City Guides: Switzerland

What to see and do in Switzerland

Switzerland’s largest city, Zurich, is not the capital, but Zurich (Zürich in German) is the Swiss financial capital and one of the wealthiest cities in Europe and the world. With a population of just under 380,000, Zurich reflects the fact that Switzerland’s 8 million people are spread out among many cities and towns. (The surrounding Canton Zürich has 1.4 million residents.) Tina Turner and her new German husband have their home on the shore of Lake Zurich (Zürichsee) in the nearby small town of Küsnacht. Turner has been a Swiss citizen since April 2013.

Basel panorama

A panoramic view of Basel, looking north from the Münster (church) tower over Kleinbasel (Little Basel) and the Rhine bend. PHOTO: Wikimedia Commons

Many of Switzerland’s most interesting and scenic towns are not large at all. Even the Swiss capital city of Bern has a population of only about 120,000. Its most famous resident, Albert Einstein, lived for several years in Bern, and was working there in the Swiss patent office when he developed his now famous Special Theory of Relativity. Continued below…

City Guides for Switzerland
Watch for these Swiss city guides, coming soon. Also see information about Switzerland’s four largest cities below.

  • Basel – Sightseeing, history, photos (coming soon)
    WEB: Kanton Basel-Stadt (in English)
  • Bern – Sightseeing, history, photos (coming soon)
    WEB: Stadt Bern (in English)
  • Lucerne (Luzern) – Sightseeing, history, photos (coming soon)
    WEB: (in English)
  • Zurich (Zürich) – Sightseeing, history, photos (coming soon)
    WEB: (in English)
  • Read about Switzerland’s four largest cities below.

Our Other Pages for Switzerland
Since we do not yet have guides for Swiss cities, please see these related pages:

Switzerland and Its Four Largest Cities (Continued)

Although it is not the governmental capital, Zurich is definitely the de facto capital of Switzerland in many ways. Because of its central role, Zurich is sometimes jokingly referred to as “downtown Switzerland.” It is the economic engine of the surrounding region and the whole country. Contributing to that are Zürich’s universities and technical colleges, plus many cultural organizations and events. The city is also notable for its high standard of living, its beautiful lakeside location and the green, wooded hills that run through the city from north to south. It is also rated as the most expensive city in the world for cost of living.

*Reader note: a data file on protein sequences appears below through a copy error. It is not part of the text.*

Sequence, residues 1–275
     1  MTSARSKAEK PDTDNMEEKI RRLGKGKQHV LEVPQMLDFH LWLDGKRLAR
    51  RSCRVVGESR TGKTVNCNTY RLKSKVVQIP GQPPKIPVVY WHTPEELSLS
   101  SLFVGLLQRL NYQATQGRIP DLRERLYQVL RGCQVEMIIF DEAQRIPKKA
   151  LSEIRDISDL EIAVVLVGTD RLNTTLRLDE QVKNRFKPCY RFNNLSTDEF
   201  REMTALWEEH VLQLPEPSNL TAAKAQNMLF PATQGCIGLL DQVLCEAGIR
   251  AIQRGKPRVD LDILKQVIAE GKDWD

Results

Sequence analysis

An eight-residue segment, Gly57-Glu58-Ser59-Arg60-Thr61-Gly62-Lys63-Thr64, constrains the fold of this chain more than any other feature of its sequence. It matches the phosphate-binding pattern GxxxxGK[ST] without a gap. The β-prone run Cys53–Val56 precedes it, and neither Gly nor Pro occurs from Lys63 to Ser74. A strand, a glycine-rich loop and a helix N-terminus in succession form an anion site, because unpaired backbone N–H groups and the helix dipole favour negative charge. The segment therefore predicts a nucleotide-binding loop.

Zurich from the Uetliberg

Panoramic view of Zurich and Lake Zurich from the Üetliberg.
PHOTO: Wikimedia Commons

Zurich’s Old Town runs along both sides of the Limmat River, which flows out of Lake Zurich. Zurich’s ZVV public transport system employs three types of mass transit: the S-Bahn (local trains), trams, and buses (diesel and electric). Zurich is also Switzerland’s Chicago, serving as a major railway, highway, and air traffic hub. Zürich Hauptbahnhof (Zürich HB) is the largest and busiest rail station in Switzerland. There are also passenger ships that criss-cross Lake Zurich, connecting the city with outlying towns such as Rapperswil. Zurich Airport is only about 6 miles (10 km) northeast of the city in Kloten. Zurich Airport also has its own railway station, located underground. (For more about air travel, see our Air Travel page.)